Carol Habben (May 15, 1933 – January 11, 1997) was a center fielder and backup catcher who played from 1951 through 1954 in the All-American Girls Professional Baseball League. Listed at 5 ft 5 in (1.65 m), 135 lb., she batted and threw right-handed.
The All-American Girls Professional Baseball League flourished in the 1940s when Major League Baseball went on hold as men went to World War II. The league was created in 1943 by the Chicago Cubs' owner Philip K. Wrigley, and disbanded at the end of the 1954 season. In its twelve years of history, the AAGPBL gave over 600 women athletes the opportunity to play professional baseball and to play it at a level never before attained.
It was not really a well known fact until filmmaker Penny Marshall premiered her 1992 film A League of Their Own, which was a fictionalized account of activities in the AAGPBL. Starring Geena Davis, Tom Hanks, Madonna, Lori Petty and Rosie O'Donnell, this film brought many of the real AAGPBL former players began to earn a rebirth of celebrity.
Born in Midland Park, New Jersey, Carol Habben began playing ball on sandlots in Rahway at age 12 and joined the Flashettes of Garfield two years later. In the process, Habben played baseball at Pompton Lakes High School. At age 17, she attended to an AAGPBL tryout and signed a contract for $250 a month to play in the league. While still in high school, she had to take her exams early in order to make it for the start of the 1951 season.
Habben entered the league with the Rockford Peaches. She was a late bloomer, but turned out to be a formidable slugger during the AAGPBL's last-ever season.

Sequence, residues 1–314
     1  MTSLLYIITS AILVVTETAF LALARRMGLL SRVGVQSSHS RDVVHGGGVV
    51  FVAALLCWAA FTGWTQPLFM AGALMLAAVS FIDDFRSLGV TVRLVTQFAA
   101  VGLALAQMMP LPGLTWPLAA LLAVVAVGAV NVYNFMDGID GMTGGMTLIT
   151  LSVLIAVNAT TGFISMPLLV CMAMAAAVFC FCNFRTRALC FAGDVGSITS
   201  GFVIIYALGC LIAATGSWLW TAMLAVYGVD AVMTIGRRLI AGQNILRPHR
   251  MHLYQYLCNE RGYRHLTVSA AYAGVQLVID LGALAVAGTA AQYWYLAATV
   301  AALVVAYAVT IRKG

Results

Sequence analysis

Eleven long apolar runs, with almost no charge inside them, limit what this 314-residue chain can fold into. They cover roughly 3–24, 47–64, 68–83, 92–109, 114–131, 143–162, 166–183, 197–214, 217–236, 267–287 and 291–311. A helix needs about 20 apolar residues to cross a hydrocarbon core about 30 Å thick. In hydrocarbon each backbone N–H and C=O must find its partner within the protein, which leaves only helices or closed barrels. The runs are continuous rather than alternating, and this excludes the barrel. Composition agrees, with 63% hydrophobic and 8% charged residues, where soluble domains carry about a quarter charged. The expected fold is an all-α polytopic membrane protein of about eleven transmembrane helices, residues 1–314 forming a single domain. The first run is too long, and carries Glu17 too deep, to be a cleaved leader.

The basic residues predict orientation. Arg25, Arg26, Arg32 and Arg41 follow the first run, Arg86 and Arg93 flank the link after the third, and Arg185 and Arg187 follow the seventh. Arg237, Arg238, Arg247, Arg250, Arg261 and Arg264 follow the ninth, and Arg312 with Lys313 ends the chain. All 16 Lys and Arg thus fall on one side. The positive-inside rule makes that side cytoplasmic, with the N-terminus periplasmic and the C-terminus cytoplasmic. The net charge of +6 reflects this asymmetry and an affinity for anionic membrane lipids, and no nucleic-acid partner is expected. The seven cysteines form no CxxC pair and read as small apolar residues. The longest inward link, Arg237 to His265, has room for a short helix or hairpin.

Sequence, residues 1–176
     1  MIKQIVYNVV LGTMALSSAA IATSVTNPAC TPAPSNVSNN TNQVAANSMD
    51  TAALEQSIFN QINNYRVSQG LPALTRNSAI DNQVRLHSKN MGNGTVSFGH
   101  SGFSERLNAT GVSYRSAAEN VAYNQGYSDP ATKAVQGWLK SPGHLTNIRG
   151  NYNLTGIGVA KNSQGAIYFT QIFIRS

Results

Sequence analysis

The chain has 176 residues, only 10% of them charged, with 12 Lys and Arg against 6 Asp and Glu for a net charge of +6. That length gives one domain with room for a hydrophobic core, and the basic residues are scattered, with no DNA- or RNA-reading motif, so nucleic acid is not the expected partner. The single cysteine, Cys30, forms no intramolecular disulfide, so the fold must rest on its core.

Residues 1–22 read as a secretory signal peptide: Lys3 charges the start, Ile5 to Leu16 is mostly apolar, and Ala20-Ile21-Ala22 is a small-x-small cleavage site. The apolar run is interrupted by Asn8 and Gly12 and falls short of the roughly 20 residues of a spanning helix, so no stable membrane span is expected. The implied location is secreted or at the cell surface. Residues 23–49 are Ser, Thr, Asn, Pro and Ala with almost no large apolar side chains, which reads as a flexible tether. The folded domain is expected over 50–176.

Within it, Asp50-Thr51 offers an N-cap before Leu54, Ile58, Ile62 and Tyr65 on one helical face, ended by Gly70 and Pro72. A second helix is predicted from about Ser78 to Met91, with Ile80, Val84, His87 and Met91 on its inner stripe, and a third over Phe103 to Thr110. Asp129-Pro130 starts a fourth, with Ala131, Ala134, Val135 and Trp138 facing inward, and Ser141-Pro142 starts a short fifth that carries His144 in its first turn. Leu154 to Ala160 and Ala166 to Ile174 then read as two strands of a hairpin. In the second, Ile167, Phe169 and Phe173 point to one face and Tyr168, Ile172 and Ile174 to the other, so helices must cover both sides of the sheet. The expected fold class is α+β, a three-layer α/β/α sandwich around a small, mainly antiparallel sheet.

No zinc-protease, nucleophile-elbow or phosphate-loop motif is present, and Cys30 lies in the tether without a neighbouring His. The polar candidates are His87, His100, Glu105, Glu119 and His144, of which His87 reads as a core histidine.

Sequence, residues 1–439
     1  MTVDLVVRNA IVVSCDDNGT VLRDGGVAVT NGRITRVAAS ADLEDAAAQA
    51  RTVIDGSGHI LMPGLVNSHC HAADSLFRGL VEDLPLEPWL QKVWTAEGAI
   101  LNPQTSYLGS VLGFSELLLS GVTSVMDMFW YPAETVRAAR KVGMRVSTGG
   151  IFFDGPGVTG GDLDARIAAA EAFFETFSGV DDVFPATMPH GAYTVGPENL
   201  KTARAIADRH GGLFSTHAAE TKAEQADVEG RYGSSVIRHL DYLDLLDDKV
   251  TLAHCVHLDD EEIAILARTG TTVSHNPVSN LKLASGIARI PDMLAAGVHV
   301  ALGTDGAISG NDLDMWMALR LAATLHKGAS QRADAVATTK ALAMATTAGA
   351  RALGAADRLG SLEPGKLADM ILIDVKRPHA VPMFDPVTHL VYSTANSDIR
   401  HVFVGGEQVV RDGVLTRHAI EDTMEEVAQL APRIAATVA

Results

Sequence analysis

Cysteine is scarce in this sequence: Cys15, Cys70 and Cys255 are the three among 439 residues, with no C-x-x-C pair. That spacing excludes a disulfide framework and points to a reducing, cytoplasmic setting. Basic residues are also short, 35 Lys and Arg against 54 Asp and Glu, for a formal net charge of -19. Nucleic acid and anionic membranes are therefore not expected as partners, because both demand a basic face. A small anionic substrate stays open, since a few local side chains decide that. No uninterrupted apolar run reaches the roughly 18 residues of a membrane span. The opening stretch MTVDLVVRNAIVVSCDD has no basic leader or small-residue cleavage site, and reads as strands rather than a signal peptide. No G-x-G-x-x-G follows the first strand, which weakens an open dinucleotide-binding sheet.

In 1951, Habben went 1-for-26 for a batting average of 0.38 as a rookie, and saw limited action the next season. In 1953, she hit .194 with a .238 on-base percentage in a utility role, playing in the outfield, catching, and also pitching in case of an emergency. Then she was dealt by Rockford to the Kalamazoo Lassies before the 1954 season.
Habben showed how much power she had in her bat when the AAGPBL's ball was switched to 9 ¼ inches—the same size used in the Major Leagues.
As an everyday center fielder in 1954, Habben hit a .276 average with a .363 OBP in 98 games, while slugging for a .445 average to become the second half of the called Home Run Twins, as she hit 15 home runs and Chris Ballingall belted 17 to power the Lassies to the Championship Title.
After the AAGPBL folded, Habben returned to New Jersey, competing in ASA fast-pitch softball in Linden until 1973, and also umpiring in men's and women's leagues.
Habben lived in Ringwood and worked 37 years for Merck & Co. as a credit manager until her retirement in 1994. She is part of the AAGPBL permanent display at the Baseball Hall of Fame and Museum at Cooperstown, New York, opened in 1988, which is dedicated to the entire league rather than any individual player.
Habben spent the last days of her life in Ridgewood, New Jersey, where she died of a long illness at the age of 63.